Review: The Hellblazer: Rebirth #1
DC Comics’ most unlikely “hero” John Constantine returns to his home country of England in Hellblazer Rebirth #1 as writer/Vertigo veteran Simon Oliver (Last Gang in Town) and artist Moritat (All-Star Western) join forces to show exactly how he re-crossed the pond when setting foot in London triggers a demon-caused skin disease in him. This isn’t a retelling of Constantine’s origins even though the demon that he faces in the issue does mock his childhood and mistakes as a magician , but a classic con from the anti-hero as he bargains with eight million souls (The population of London) to get a curse removed from him so he can return home to London. He is written him not as heroic in the slightest, but as a magician and bastard, who doesn’t “give a fuck” (in his own words) and manipulates those close to him. Oliver does set up one possible long term goal for Constantine as the series progresses, which is the redemption of the soul that he damned to hell in his first magic accident back in Newcastle, Astrid that has caused him nightmares ever since Hellblazer Volume 1 almost 28 years ago.
Simon Oliver dabbles in several takes on Constantine in his Hellblazer Rebirth issue as he gives him the swagger of the gambler that sold his soul to three different demons in Garth Ennis’ run, the connection to urban areas leftover from James Tynion and Ming Doyle’s run, the connectivity to the DC Universe from both Alan Moore’s Swamp Thing and Justice League Dark, and finally the appearance a supporting character who hasn’t shown up since Jamie Delano’s run. It’s a rich mix of ingredients, and Oliver mixes it up like a master chef while giving the Rebirth issue an actual plot instead of weighing it down by exposition. And when there’s exposition, it’s easy to stomach because Oliver has an excellent handle on the poetic, profane, and sarcastic voice that has made John Constantine such an endearing character to write about.
And this time, John Constantine has an added dose of cocky casualness as well that kicks in with the facial acting in Moritat’s artwork. It seems that in almost every panel featuring his stubbly visage, Constantine is gripping a whisky bottle or tasting a bit of curry like the fate of eight million souls getting infected by a supernatural curse is no biggie. He just wants to get home, have a pint, watch football, or flirt with a girl and/or boy. This sharply contrasts with the colors chosen by Andre Szymanowicz (Archie) and Moritat as each scene featuring the curse has a touch of scarlet runes, and there’s a gradual darkening in the background as the demon starts mentioning Constantine’s past. He looks screwed. But there’s always a twist. If there’s one criticism I have about Moritat’s art, it’s that the superheroes Shazam and Wonder Woman, who make cameo appearances, look impassive and static compared to the expressive faces of Constantine and the other supporting players and demons. This could possibly be a commentary on how aloof they are from ordinary people unlike Constantine, who as a working class mage, is constantly pounding the pavement of cities all over the world and really seeing how they tick instead of just swooping in to save the day.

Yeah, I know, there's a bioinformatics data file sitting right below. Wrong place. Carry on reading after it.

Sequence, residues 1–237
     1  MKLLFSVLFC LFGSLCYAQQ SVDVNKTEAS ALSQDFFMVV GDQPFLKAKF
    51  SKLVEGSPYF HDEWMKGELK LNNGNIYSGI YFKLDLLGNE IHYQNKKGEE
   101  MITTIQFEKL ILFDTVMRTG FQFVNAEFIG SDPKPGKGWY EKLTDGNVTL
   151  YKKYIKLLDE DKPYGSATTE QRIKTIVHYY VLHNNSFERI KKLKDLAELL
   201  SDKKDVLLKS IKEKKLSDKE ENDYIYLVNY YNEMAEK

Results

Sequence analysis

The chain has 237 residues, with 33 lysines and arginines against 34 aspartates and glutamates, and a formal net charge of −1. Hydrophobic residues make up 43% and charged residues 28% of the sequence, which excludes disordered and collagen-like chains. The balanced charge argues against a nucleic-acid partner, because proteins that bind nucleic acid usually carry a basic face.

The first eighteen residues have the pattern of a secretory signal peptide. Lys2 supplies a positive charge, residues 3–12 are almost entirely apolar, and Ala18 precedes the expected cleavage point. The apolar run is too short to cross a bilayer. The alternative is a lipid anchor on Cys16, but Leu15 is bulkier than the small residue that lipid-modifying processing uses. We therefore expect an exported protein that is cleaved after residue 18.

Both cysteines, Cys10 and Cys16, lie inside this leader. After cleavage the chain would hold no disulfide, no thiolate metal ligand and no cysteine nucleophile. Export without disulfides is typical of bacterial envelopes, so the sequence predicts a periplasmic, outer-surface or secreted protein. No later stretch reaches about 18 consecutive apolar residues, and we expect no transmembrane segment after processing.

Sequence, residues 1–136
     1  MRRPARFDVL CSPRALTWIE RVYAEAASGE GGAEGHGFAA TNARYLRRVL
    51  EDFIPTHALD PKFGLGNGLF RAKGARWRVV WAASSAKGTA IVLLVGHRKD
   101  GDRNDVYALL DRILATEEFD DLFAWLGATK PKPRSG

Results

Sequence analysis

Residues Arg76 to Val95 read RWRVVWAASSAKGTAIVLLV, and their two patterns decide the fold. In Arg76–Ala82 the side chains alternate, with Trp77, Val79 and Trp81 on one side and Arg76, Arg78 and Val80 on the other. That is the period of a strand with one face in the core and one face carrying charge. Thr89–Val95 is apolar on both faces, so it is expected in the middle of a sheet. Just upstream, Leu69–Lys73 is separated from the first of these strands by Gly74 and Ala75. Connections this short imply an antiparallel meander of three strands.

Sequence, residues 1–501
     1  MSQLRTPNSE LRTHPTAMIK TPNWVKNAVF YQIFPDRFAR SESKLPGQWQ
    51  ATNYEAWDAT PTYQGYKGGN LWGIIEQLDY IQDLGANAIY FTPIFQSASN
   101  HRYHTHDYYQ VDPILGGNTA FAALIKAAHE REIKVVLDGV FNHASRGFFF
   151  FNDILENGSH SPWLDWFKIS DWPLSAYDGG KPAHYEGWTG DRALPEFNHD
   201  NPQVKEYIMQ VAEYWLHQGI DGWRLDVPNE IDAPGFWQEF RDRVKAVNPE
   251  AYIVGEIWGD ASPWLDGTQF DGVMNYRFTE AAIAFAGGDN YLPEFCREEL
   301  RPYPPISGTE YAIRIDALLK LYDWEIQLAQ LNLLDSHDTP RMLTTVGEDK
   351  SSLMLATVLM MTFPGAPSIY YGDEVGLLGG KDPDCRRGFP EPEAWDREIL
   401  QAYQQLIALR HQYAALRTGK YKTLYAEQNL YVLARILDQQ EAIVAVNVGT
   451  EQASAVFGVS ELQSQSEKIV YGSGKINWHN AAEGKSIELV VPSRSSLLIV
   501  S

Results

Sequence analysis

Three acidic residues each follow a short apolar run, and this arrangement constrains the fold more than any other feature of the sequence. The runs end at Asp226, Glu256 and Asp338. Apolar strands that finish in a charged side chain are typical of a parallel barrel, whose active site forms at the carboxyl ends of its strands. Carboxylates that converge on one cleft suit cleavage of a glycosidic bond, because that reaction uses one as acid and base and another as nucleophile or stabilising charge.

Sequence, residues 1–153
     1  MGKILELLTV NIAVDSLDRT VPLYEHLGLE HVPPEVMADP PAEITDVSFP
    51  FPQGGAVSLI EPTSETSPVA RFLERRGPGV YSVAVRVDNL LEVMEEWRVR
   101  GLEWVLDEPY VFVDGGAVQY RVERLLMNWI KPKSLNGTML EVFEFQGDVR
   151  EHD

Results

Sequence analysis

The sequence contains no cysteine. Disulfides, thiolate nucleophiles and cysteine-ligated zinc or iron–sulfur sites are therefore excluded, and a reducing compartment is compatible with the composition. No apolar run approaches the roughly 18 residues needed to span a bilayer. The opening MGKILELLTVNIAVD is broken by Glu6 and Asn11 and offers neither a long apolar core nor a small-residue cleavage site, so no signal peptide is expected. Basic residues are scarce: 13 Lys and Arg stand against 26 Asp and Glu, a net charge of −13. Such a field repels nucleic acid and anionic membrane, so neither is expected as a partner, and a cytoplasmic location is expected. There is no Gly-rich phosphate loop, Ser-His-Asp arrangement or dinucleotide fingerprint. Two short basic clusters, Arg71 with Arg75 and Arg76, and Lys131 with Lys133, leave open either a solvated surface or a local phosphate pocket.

But the Justice League (and Swamp Thing) cameos actually don’t seem forced in light of Oliver’s storyline as Constantine is about to unleash an apocalyptic level magic epidemic, and this is something they would be worried about. Oliver also shows his knowledge of some of Constantine’s recent history as he stole Shazam’s power back in the “Trinity War” crossover in 2013 and works into the story that the JL sees him more as a threat than a morally ambiguous ally. There is no confrontation between the heroes and unsavory mage thanks to the intervention of Swamp Thing, who has a strange friendship and faith in Constantine since the “American Gothic” days when Alan Moore wrote about their road trip together. With the return of Chas and reintroduction of yet another player from Constantine’s past (Think early 1990s Hellblazer), hopefully Oliver and Moritat will continue to explore how Constantine’s friendships make him such a complicated figure and instantly sympathetic and unsympathetic as he enjoys bantering and taking out demons with them, but also sees them as expendable. (Google Gary Lester and then ball up your fist.)
Hellblazer Rebirth #1 is a solid standalone John Constantine tale that has high stakes, plenty of making deals with demons, snarky comments, a twist that will make hardcore Hellblazer fans wet themselves, and even a dash of British culture. Simon Oliver and Moritat get a tiny little political as it’s implied that Constantine leaves New York because of Donald Trump’s presidential candidacy and a Tory sign waver gets temporarily infected by his contagious curse, but it’s no demons watching Margaret Thatcher speeches from hell. (While she was prime minister.) And it’s worth the $2.99 alone to see the sense of casual disdain that Moritat gives to his renditions of John Constantine.
Story: Simon Oliver Art: Moritat Colors: Andre Szymanowicz and Moritat
Story: 9 Art: 7.5 Overall: 8.4 Recommendation: Buy
DC Comics provided Graphic Policy with a FREE copy for review